3 tips if you’re having online relationship therapy
Online relationship therapy is here to stay. It’s an accessible, effective means for getting support from a specialist with minimum disruption to daily commitments. If you have yet to experience it you might be surprised! Here are three things are useful and supportive for online therapy to remember. Think ahead in three timeframes – before, after online relationship therapy, and later on the day of therapy.
BEFORE the session
Make sure that you have a sense of what each of you will have been doing just prior to the session and agree rather than assume who’s going to set up the technology. Think about sharing that, so it doesn’t all fall to one particular person. If you’re coming in from two separate locations, then it’s even more helpful to understand broadly what the other person has been doing, so that you have a sense of connection when they arrive on that screen and that little rectangle.
AFTER the session
This is probably the most important one. I recommend you have a bit of a plan for after the session. For instance, 10 – 15 minutes of space to breathe before you carry on with other tasks. This is especially useful should the session not end on a particularly comfortable note. That can happen despite everyone’s best intentions. Relationships are organic and things unfold differently than expected occasionally. Sometimes you might end on what I call an ‘edge’. That can be awkward. So be gentle and make the most of the time after the screen closes and you’re there beside each other.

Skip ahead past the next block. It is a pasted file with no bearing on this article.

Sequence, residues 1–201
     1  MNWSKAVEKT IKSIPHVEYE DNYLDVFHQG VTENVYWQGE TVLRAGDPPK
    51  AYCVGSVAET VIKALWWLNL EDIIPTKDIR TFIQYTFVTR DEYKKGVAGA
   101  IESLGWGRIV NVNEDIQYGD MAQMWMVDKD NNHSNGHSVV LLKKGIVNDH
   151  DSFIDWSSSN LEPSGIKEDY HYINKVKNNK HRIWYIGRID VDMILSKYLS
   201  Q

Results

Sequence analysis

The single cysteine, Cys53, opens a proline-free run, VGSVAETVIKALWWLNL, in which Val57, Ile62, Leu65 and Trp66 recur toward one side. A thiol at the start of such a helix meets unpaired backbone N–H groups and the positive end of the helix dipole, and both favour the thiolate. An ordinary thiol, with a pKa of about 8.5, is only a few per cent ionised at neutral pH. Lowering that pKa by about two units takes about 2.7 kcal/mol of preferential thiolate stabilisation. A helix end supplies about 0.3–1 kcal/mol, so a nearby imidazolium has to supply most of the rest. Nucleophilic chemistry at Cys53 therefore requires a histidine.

Plan ahead for one easy supportive action. Maybe you put the kettle on, take a breath and/or stretch outside before you go on to whatever it is that you have next. Alternatively, you might have a brief way of appreciating each other. It could be a hand, squeeze. It could be a hug. It could just be, “thank you for showing up”. “Thanks for being there”.
LATER in the day
So having a particular point in time that you’ve pre-agreed for touching base later. When you take maybe 15 minutes or half an hour to share, how you are, how the session has settled in you, or anything that you want to express to the other. Obviously that’s not an invitation to dissect the session. Nor is it a time to kind of like download on the other person. It’s an interaction with the intention to connect and just support each other, to have the energy and effort you brought to the session, integrate a little and settle in.
So some of these things are useful, whether you’re in person or online, but particularly useful if you’re online.
If you have other ideas or something else that works for you, do drop me a line/ DM or PM me. This is a growing area. We’re all developing more awareness and making the most of it. Keen to experience this and see if online relationship therapy is for you? Click to book an introductory session
Bye for now!